Those who knew about The Master and Margarita novel, and were ideologically loyal, criticized the controversial novel. It is important to note that the plot of the novel was written and evolved over the course of twelve years and manifested in six drafts.[24] Bulgakov would host intimate readings of sections of the novel in his apartment—his audience consisted of trusted friends and his third wife, Elena Sergeevna, whom he met in 1929, fell in love with, and ultimately ended his second marriage for. In these readings, Bulgakov would reveal his work in progress to those he deemed trustworthy enough to listen. In fact, “the authorities were aware of the novel’s existence even from the very beginning.”[25] Bulgakov knew the work was not going to get printed.[26] The political climate at the time, Bulgakov’s reputation, and the themes of the novel all signaled the unlikelihood of its publication. As a result of the leaks, Bulgakov and Elena Sergeevna’s apartment was subject to frequent visits from the state authorities which tactfully kept the writer “in check.” Many of those who listened to his novel in the private readings were writers themselves, and in a wave of arrests in 1936, found themselves at the hands of the Soviet state.[27] Yet, Bulgakov continued to work on the drafts of The Master and Margarita, adding to and evolving the novel through the various versions of the manuscript. 

The various manuscripts served a role of special importance to Bulgakov and his literary works. It seems that Bulgakov held his manuscripts to a level of high importance, because “in the tangibility of paper and ink [he found] proof of his existence.”[28] However, Bulgakov was also willing and unhesitant to destroy his own drafts, usually burning them away. His earlier work, The Heart of a Dog (1925), serves as an interesting precedent case for The Master and Margarita in our discussion. When the novel remained unpublished, Bulgakov “left four pages undestroyed and gave them to his wife [at the time] as a keepsake.”[29] To leave four pages was to leave a fragment of the story in an informal, archivable form during a time when the formal state archive was approving limited materials. A fragmented piece can allude to a work that once existed and prompt research. His faith in the value of fragmented pieces “shows Bulgakov’s certainty that one day the fact of his diary would interest someone.”[30] His preference for destroying his manuscripts also indicated partial destruction of self; destruction fueled by a sort of despair and turmoil instilled in him by the Soviet system, for “Bulgakov increasingly felt that he was condemned to be buried alive in his apartment with his manuscripts.”[31] This tragedy of the Russian writer was not unique to Bulgakov since he frequently looked to Alexander Pushkin and Nikolai Gogol for similarities in fate.[32] Incidentally, during Bulgakov’s final years, Elena Sergeevna “made him a solemn promise that she would devote her life to the task of preserving his work and ensuring that the novel eventually got published.”[33] His steadfast commitment to writing v stol[34] shows us that “Bulgakov’s personality, like his work, tends to resist doctrinaire interpretations.”[35] It is evident that the actions of the author could not always be easily understood, and his personality seemed to inform the fluidity of meaning in his works.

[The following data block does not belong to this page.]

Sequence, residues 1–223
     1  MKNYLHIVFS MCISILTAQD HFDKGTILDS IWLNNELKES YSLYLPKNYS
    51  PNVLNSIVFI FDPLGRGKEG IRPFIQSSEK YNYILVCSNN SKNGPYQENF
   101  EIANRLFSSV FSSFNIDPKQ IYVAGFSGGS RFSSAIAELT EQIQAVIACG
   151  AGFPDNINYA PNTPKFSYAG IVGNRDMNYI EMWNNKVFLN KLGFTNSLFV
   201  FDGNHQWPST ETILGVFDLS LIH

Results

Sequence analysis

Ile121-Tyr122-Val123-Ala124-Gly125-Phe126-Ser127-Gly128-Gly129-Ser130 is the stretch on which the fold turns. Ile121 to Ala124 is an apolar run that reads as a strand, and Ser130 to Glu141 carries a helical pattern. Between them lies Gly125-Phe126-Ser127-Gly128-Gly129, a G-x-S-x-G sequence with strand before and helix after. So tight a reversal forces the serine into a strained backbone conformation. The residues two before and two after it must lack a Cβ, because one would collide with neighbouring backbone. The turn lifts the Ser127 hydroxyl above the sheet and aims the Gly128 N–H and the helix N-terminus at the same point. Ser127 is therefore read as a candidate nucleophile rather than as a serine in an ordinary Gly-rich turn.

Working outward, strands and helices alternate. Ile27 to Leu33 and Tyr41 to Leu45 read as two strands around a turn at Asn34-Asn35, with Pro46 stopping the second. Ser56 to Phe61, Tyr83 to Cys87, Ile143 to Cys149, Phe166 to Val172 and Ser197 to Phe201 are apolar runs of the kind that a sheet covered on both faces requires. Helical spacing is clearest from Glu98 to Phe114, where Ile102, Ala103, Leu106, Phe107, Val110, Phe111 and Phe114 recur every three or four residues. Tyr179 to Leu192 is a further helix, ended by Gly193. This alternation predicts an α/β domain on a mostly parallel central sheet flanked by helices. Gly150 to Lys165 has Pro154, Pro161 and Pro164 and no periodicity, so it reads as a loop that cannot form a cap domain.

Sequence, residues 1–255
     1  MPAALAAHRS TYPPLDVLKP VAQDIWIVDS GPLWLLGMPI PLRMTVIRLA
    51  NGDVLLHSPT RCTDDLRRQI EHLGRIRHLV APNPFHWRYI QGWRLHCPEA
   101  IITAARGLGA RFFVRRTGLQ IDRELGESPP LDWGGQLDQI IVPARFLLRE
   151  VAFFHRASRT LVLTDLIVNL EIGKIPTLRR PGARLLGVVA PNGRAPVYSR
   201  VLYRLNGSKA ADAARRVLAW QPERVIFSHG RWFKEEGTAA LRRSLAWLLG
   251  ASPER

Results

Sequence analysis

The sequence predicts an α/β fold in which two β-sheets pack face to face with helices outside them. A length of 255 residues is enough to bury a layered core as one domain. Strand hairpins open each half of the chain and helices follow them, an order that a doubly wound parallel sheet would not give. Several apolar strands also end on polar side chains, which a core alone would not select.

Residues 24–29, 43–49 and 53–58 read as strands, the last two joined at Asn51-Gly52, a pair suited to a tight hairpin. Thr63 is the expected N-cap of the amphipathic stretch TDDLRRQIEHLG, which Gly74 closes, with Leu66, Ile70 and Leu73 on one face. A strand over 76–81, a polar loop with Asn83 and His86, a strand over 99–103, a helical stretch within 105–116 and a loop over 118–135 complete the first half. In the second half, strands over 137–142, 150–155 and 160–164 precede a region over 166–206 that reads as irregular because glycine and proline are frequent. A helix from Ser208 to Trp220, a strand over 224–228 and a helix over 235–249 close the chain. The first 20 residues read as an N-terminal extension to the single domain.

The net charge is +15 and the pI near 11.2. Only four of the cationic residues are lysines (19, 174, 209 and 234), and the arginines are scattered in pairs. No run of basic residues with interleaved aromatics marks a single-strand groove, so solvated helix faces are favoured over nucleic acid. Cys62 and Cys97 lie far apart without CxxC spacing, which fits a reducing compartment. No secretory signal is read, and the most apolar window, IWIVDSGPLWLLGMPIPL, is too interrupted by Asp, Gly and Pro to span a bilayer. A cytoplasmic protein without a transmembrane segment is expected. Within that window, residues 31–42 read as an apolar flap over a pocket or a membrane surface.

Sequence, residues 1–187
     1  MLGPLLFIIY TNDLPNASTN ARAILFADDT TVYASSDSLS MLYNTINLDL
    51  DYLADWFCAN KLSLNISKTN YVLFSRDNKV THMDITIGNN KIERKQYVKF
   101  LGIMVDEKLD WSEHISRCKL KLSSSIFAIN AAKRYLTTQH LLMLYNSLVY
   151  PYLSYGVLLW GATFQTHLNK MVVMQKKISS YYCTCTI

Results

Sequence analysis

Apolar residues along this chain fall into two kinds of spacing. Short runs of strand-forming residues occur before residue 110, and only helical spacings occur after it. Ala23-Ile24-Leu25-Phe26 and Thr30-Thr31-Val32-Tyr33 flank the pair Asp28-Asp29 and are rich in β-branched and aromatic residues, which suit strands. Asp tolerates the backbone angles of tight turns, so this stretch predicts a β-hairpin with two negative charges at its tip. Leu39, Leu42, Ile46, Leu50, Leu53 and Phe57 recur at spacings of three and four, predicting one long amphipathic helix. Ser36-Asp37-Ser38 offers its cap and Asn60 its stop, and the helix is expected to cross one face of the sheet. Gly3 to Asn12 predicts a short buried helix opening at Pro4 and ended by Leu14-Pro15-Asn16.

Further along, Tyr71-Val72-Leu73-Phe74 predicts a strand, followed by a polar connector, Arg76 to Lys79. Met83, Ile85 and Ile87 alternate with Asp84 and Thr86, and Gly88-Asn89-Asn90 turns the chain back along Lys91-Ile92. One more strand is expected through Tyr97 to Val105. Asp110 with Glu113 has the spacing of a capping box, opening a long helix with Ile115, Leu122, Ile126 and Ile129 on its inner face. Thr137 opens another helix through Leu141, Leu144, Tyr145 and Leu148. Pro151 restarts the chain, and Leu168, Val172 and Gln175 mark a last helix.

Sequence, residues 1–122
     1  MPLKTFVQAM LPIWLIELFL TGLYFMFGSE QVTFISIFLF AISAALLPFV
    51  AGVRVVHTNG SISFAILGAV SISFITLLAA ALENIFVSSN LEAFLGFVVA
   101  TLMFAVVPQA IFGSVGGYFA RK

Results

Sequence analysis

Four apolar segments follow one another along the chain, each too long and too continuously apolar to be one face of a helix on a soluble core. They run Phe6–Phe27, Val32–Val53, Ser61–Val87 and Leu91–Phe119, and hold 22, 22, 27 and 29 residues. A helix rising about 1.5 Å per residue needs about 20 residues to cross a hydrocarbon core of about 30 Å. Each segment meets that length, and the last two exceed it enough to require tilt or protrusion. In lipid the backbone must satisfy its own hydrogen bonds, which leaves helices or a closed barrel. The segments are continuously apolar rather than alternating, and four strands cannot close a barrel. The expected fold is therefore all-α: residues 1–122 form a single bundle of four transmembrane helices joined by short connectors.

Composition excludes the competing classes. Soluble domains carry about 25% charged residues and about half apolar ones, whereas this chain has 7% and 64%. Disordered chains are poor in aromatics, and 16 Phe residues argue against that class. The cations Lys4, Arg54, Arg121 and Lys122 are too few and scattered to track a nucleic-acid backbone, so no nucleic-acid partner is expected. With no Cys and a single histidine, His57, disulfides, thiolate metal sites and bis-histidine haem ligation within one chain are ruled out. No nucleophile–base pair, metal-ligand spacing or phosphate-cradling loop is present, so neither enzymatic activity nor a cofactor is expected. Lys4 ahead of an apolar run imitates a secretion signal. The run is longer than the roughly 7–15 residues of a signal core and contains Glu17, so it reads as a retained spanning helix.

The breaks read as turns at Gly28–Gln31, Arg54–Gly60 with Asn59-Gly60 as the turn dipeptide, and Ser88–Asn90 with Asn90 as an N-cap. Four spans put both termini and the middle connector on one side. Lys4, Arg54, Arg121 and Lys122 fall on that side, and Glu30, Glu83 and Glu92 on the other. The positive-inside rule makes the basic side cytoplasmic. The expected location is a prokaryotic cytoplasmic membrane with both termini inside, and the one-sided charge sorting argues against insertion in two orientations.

Gesher Theater’s production of the Master and the Margarita. Photo: Gesher Theater/Wikimedia Commons. No changes made. View the license here.

The last draft of The Master and Margarita was preserved with Elena Sergeevna. Though she had accompanied Bulgakov through his literary journey, the final version of the novel was not quite as final as expected. Bulgakov’s death in 1940 left Sergeevna with various notebooks of mostly complete chapters, but several inconsistencies and unclarities existed in the drafts.[36] Most notably, the third narrative within the framework of the novel—the love story of the Master and Margarita—was written last and remained not fully integrated into the novel. To add to the lack of clarity, Bulgakov was writing and rewriting sections of the novel near the end of his life in a state of blindness, dictating corrections to his wife, who would record them for him.[37] But his steadfast focus on the novel and its story leads us to think about why he remained so determined to write v stol. This poses two questions: what was the importance of what the novel was communicating? and why did Bulgakov believe so strongly in its eventual release to the public? To address the first question, it is plausible that Bulgakov felt that he was encoding a certain truth in his writing—whether about the events of the real time and his lived experience, or the lessons derived from the events presented by Biblical culture. To address the second, it seems that Bulgakov (amidst the cycles of frustration) had placed enough faith in his wife, Elena Sergeevna, to deliver the novel to its audience. By placing his faith in her, Bulgakov foregoes the state archive in the straightforward sense and creates an informal archive of his own—much like how the Russian resorted to pickling his own food or fabricating samogon in periods of gastronomic drought. By saving his ideas in an informal archive, Bulgakov possibly satiated himself as an artist. An informal archive provided peace to the troubled writer, knowing that his ideas may one day be seen and read. The following section will outline the pertinent cultural elements of both Soviet and Biblical realms, and dive into the analysis of the novel.